As far as a worship leader, I don’t know if I’ve ever felt discouraged. I mean, there’s the side of us playing the same songs over and over and I think I just try to put myself in people’s shoes, you know, they may be hearing the song for the first time, or they may be encountering the Lord in a worship service for the first time, so I just try to remind myself that God is touching someone, and through that I feel refreshed, just knowing that people are being blessed.
Before you guys came onto the scene, there was Hillsong, there was the Passion movement with people like Chris Tomlin and Matt Redman … how did Jesus Culture find its own voice amid the very high standards that were already in place?
Again, it was just the Lord breathing on what we were doing. We never really set out to be a band, and the funny thing is, the music kinda took off, but we’ve always been a ministry and a movement before that, so we were just being faithful with what God had put before us. We’re just a community of friends that just wanna see God show up in people’s lives. And we decided to make an album, and then another one, and things just kinda took off from there. We did covers for years—those were the songs that ministered to us, and we experienced the Lord through those, and so I think it was just God blessing our faithfulness …
What can you share with worship leaders who are challenged to “keep it fresh” every week during service?
I would just say, you know, worship is an overflow, and I would encourage worship leaders not to approach every worship set as an end goal. When we get up to lead, it should just be an overflow of our daily life of worship. It takes a lot of pressure off from trying to work something up for a Sunday set or Wednesday youth group or whatever. Just pursue God daily, worship, but also let Him love on you, take time to receive His love. I think, leading out of that overflow of personal time with God, will affect your corporate worship.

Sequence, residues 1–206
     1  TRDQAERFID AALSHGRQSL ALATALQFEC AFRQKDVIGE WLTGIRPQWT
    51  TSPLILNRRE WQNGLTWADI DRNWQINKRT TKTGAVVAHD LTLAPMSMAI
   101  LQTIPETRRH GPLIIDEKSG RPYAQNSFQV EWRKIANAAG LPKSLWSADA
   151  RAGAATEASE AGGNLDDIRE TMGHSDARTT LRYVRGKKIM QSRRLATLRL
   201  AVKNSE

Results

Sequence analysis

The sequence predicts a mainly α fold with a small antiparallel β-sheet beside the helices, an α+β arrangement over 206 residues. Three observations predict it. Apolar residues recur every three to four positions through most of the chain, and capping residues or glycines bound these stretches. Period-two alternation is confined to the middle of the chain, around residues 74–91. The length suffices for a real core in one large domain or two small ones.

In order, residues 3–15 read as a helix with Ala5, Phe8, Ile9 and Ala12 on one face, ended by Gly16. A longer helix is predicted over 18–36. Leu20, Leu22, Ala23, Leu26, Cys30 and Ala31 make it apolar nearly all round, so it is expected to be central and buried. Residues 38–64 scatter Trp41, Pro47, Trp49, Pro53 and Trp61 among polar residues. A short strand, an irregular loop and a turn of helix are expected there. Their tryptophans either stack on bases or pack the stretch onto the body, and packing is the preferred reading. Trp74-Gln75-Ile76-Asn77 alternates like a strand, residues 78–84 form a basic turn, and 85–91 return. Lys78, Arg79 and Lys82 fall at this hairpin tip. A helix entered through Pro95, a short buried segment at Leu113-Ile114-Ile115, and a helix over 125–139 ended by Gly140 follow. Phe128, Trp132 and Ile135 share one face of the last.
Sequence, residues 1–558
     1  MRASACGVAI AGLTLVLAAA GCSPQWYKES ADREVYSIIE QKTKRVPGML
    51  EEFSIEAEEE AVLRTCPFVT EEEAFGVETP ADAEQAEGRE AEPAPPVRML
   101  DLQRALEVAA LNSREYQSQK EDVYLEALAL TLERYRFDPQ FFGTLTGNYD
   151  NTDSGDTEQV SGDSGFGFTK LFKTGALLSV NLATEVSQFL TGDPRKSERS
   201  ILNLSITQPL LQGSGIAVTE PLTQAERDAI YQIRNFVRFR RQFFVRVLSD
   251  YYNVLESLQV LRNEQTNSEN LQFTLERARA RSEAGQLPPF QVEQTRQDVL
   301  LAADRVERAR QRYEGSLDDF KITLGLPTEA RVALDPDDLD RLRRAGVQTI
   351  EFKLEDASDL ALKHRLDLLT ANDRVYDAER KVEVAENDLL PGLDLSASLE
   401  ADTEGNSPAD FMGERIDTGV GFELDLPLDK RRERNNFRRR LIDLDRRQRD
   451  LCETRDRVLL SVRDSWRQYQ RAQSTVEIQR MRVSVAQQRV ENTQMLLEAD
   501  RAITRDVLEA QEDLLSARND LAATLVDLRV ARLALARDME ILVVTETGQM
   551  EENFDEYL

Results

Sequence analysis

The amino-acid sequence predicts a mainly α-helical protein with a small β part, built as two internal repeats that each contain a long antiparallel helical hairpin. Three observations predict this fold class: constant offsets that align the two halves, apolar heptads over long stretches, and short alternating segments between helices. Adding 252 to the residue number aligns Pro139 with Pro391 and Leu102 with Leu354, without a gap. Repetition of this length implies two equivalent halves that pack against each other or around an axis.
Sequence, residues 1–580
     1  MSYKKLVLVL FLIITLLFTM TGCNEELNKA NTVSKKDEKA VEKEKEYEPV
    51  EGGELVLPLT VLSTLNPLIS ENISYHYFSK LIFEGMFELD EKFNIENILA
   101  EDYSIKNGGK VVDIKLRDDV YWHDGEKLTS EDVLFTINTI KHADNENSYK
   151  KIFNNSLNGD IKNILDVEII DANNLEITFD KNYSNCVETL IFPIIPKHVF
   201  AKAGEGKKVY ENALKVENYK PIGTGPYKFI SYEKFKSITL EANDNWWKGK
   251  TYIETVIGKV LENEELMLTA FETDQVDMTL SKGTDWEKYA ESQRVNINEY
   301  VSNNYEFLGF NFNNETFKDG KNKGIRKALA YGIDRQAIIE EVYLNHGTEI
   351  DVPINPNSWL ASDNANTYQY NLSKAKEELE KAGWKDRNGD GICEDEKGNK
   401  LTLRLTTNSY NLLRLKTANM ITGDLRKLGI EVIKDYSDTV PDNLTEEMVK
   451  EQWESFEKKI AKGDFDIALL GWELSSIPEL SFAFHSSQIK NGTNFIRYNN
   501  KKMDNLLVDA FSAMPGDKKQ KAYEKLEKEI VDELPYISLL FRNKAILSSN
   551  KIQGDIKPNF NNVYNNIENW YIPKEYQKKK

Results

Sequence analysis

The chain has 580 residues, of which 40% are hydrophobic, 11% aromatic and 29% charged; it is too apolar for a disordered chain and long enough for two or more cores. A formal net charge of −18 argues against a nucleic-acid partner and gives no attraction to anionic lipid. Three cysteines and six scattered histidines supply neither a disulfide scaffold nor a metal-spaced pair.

And lastly, a fan question: what’s it like working with Kim Walker, and why’s she so awesome?
(laughs) Working with Kim Walker. It is amazing. I love her courage, not just on stage, but off stage. She knows what she wants, she knows who she is in Christ, and she goes for it. She always inspires me to press in further, whether it’s in worship, in my calling and gifting, to see what God has for me, in a deeper way. It comes across during worship, especially. She just always wants to go to the next level and push through, and not just give God something she’s given Him before. It’s really inspiring, it’s awesome.
Interview transcribed by Yong Yung Shin